I was watching a gardening programme, a while ago now, and there was a man who had made a whole swathe of his land into a wildflower meadow. His meadow was decades old, and it had many rare and endangered flowers. He let people visit, especially children, and he said whenever they asked him if they could pick a flower, he always said yes. He said he didn’t agree that we should never pick a wildflower, he believed that allowing a child to take a flower home, keep it in a jar of water for a few weeks, and enjoy its beauty every day, might mean they fall in love with it, and if you love a thing, you value it, and if you value something you want to save it.
He believed sharing his flowers might help save them for the future, that by picking something, naming it and taking it home, it becomes part of you, it shares with you. He believed nature should never be forbidden to us, for we are nature, it is us, we are it.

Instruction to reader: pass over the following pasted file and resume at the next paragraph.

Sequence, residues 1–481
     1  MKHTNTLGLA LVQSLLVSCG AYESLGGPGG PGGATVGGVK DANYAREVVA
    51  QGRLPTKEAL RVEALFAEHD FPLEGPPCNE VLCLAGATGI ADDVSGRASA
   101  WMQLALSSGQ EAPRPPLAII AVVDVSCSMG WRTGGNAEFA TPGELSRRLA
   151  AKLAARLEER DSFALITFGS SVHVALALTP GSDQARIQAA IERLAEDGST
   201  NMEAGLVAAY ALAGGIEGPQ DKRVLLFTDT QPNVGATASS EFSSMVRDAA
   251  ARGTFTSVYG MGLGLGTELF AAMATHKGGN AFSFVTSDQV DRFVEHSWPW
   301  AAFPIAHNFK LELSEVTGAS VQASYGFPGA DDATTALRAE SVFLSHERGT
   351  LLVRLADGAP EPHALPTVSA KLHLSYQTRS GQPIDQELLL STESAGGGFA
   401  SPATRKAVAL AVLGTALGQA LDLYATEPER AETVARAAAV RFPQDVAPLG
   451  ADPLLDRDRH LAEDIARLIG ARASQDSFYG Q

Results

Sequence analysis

The valley by where I live is an old colliery turned over to nature. It has many wildflowers but I didn’t pick any of them on my evening walk, instead I took photographs and I whispered their names…
Cow vetch….Mallow….Hogweed….Birds Foot Trefoil….Cow Parsley….Dandelion….
The oldest of spells has you name a thing out loud to give it power.
At the end of the walk there is a bench looking out over a flooded quarry, now a rspb reserve. A crow flew down and sat about 3 meters away from me. He cocked his head on the side, when I said good evening to him. I told him I thought he was very handsome, and he opened his beak like he was smiling. He seemed to enjoy the attention, and when I stood up to leave, we bid each other farewell and he flew away.
On the path on my way home I found one single, perfect, black feather. I did take this home with me.
Sending solstice blessings wherever and whatever you are doing x o